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Answers: Page 3 of 7
Rod from Rocky Mountain House asks: I have had hip pain for some time and had an MRI recently to look for a cause. However, the pain was not as bad that day. Does that mean the test was a waste?
As a general rule, it is unlikely that the underlying cause of the pain would have resolved and not be seen on an MRI even if the pain was less at that time.
Faith from Calgary asks: Can osteoarthritis in the back hurt? Do rheumatologists treat osteoarthritis?
Osteoarthritis, regardless of its location, certainly can cause pain. There is no cure for osteoarthritis, but treatment options do exist which revolve around pain control and improved function. For osteoarthritis of the back, we always need to be careful to ensure it is truly degenerative arthritis causing the pain, as x-rays of the back which show osteoarthritis do not necessarily mean that’s the cause of back pain. One of the best treatment options for back pain is physiotherapy, with an emphasis on exercises related to strengthening, stretching, range of motion and core abdominal muscles. While those with back pain need to do these exercises regularly to have benefit, they can improve pain significantly, and can all be done from home without needing regular physiotherapy appointments.
Rheumatologists do see patients at times with osteoarthritis, often for one appointment for a full assessment and provide advice to the patient and the referring physician.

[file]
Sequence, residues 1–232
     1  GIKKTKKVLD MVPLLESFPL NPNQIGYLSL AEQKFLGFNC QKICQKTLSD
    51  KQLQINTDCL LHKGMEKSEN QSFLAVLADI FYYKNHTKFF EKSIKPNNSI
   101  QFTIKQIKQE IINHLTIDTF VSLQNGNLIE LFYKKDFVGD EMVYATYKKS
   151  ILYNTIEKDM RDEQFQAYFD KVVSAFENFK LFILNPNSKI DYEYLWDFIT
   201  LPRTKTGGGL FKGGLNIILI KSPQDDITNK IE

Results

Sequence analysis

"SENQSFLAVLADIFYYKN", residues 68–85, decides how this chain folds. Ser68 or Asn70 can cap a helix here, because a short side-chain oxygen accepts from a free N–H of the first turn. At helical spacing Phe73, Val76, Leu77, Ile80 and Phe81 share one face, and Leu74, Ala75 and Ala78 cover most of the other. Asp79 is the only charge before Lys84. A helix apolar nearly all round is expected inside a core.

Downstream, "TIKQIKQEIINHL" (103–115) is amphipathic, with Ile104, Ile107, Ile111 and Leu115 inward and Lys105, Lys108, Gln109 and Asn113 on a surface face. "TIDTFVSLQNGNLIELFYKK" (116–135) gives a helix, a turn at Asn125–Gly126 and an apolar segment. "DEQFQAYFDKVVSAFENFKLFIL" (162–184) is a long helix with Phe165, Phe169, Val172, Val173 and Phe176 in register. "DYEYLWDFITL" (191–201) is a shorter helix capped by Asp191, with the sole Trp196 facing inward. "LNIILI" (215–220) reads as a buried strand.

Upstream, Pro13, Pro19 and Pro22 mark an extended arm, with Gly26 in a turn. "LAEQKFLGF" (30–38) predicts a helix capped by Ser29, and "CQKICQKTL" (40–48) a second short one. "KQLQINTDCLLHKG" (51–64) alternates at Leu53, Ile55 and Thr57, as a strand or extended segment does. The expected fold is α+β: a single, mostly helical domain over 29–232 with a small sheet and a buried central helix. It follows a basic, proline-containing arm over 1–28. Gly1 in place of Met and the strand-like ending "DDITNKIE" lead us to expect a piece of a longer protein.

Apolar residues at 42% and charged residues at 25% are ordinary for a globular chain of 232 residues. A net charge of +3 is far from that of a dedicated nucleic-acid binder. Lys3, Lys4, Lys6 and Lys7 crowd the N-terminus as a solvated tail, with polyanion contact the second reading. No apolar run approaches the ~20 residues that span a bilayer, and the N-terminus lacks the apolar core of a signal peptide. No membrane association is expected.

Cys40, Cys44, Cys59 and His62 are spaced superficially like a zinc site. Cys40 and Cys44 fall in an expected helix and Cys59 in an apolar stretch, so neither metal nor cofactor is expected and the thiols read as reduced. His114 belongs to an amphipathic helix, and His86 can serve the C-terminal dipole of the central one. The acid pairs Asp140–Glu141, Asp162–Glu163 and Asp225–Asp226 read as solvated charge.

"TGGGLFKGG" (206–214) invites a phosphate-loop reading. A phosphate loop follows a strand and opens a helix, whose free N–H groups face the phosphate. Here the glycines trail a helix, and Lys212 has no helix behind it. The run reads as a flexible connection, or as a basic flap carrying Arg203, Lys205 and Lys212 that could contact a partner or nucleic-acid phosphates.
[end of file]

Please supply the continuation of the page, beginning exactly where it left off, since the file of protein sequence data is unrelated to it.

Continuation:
Wendy from the UK asks: Does the treatment of Polymyalgia Rheumatica with steroids prevent Giant Cell Arteritis?
Polymyalgia rheumatica (PMR) and giant cell arteritis, otherwise known as GCA or temporal arteritis, are distinct condition that may present at the same time. Many patients with GCA also will present with PMR, while a smaller proportion of patients with PMR present with GCA. While the treatment for both starts the same – glucocorticoids – the doses are very different. PMR is treated with low dose prednisone, while GCA initially requires high dose prednisone. That said, once on prednisone, the risk of developing GCA, and particularly loss of vision from GCA, drops significantly.
DeAnna from Edmonton asks: Do I have to be in a pain flare to be tested for rheumatoid arthritis?
Rheumatoid arthritis is diagnosed by an arthritis specialist, usually a rheumatologist, after speaking to a patient, performing a physical examination, and reviewing any pertinent investigations. It is possible for all tests to be normal and still have rheumatoid arthritis. For a physician to diagnose rheumatoid arthritis, it does not have to be at its worst, or in a flare.
Cathy from the Unites States asks: I am losing my hair from methotrexate. Is there anything I can do?
While not common, hair loss is a known side effect from methotrexate. Usually, complete hair loss is not seen at the doses used to treat inflammatory joint and skin conditions, although it certainly can be concerning for individual patients. Options to reduce this side effect include ensuring you are taking appropriate doses of folic acid, even up to 10 mg per day. A related medication, called folinic acid, can sometimes be helpful, but should be discussed with your physician. A dose reduction in methotrexate can also be helpful. If none of these are effective, have a discussion with your physician to review alternate treatment options.
Caroline from Scotland asks: Does Ankylosing Spondylitis affect joints besides the back?